Upphovsrätten står och faller med sina undantag (Copyright Stands or Falls With its Exemptions)

Karl-Erik Tallmo


In today's copyright debate a centuries-old contempt for musicians, actors, and artists seems to re-appear. But what is copyright? Early in copyright history debaters were aware of the need for balance between the creator’s rights and the user’s rights. This article accounts for the discussion in the 18th century regarding the nature of copyright (privilege or property), and also deals with the question of what should be protected – the idea or its execution. The article argues that copyright is congenial with the information age, but its application today involves serious problems. It is increasingly alienated from the Lockean idea about society’s learning, and opportunity for users to make reasonable use of works is too limited. The public domain must be protected, and fair use (the right to quote, etc.) should be considered a positive right per se, not just an exemption to plead as a defense for certain kinds of usage.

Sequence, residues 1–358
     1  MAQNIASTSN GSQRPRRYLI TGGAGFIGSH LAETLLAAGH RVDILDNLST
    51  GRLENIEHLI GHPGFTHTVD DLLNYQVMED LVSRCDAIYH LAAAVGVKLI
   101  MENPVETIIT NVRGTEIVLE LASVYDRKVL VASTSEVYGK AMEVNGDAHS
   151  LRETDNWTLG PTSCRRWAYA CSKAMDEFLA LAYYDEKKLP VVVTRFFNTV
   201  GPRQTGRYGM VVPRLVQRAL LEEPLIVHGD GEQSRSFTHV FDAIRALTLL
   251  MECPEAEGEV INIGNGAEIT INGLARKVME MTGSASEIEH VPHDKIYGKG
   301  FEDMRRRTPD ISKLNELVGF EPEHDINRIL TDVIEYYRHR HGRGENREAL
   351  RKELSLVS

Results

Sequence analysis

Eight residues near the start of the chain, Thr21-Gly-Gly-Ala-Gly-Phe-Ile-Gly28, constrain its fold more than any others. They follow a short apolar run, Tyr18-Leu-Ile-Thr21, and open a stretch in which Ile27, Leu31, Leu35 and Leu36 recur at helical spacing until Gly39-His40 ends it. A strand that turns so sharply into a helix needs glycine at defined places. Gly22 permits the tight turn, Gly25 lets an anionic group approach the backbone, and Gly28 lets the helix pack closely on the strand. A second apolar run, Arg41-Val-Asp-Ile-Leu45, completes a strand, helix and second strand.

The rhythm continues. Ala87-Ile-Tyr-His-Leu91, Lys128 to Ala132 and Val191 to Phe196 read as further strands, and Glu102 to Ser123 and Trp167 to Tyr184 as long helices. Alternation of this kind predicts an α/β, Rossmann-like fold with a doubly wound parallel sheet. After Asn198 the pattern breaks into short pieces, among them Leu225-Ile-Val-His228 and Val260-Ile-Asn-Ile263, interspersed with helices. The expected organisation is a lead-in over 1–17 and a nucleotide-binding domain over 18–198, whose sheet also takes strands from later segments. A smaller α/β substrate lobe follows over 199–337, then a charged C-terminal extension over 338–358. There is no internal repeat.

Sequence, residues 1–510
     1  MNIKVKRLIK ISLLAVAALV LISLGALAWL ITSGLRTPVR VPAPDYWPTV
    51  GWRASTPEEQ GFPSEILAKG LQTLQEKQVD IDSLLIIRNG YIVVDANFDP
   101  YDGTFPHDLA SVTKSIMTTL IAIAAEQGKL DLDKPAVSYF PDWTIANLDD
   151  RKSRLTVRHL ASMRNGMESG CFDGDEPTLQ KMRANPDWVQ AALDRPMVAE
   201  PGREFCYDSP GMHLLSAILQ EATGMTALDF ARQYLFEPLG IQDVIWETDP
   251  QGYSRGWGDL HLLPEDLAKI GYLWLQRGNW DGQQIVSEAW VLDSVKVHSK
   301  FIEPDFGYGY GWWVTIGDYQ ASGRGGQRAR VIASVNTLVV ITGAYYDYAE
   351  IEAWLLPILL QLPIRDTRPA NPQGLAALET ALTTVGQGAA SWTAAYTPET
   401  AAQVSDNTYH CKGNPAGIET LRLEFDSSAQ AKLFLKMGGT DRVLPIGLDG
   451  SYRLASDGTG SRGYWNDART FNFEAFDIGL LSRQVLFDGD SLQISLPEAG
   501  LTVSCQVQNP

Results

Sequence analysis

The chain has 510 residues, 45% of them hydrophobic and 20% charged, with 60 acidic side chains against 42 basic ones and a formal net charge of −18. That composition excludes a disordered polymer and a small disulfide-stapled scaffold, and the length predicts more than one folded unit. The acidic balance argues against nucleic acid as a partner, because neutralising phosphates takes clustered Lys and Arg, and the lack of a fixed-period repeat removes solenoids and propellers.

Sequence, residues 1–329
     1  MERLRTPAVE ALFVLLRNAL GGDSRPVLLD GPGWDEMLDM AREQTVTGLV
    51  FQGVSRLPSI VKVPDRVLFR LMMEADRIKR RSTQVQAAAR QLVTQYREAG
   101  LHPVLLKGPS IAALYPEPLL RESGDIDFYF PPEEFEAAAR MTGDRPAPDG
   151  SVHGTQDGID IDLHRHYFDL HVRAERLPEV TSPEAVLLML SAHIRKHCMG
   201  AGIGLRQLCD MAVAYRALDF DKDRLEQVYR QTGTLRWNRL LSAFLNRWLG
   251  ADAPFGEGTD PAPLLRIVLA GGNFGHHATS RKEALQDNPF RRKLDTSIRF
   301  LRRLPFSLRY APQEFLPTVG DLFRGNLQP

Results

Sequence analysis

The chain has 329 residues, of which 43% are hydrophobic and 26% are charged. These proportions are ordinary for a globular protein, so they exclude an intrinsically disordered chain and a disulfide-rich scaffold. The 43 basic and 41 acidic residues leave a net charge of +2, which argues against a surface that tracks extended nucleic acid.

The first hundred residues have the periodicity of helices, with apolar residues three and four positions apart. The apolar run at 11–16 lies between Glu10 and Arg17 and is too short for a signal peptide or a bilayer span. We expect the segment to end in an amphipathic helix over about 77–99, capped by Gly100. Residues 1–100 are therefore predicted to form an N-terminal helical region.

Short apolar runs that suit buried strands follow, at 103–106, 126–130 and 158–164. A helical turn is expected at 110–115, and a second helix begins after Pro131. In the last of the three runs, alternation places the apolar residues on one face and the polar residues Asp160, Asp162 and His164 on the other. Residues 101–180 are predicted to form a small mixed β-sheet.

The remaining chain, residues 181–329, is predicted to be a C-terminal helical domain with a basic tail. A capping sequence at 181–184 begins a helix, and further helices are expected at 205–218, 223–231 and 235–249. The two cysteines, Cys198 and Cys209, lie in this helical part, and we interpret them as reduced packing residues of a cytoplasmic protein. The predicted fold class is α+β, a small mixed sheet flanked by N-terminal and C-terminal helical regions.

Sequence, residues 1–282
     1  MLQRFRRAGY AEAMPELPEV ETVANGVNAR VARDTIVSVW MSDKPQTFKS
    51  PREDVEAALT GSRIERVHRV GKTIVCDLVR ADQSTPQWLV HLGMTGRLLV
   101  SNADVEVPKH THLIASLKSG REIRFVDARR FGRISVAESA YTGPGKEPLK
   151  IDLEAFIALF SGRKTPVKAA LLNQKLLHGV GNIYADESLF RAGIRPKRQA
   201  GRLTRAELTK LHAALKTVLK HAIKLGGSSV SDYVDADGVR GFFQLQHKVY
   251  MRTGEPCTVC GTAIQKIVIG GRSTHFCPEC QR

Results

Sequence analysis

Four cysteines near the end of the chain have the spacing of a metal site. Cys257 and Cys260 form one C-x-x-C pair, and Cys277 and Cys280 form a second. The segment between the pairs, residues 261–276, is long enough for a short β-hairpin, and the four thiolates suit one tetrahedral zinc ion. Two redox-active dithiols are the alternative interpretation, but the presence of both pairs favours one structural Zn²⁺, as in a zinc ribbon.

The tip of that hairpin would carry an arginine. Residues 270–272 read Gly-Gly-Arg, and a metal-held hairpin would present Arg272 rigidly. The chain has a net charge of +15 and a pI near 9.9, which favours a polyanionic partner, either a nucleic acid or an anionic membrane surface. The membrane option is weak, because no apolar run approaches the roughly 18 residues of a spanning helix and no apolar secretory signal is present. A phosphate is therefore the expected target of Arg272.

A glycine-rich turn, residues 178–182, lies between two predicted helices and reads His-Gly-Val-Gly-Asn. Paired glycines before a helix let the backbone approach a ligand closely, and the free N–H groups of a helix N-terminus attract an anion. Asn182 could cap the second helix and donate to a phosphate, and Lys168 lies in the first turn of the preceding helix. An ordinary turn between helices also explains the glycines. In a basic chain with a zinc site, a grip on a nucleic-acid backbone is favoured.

copyright history; fair use; John Locke; public domain; Statute of Anne; piracy

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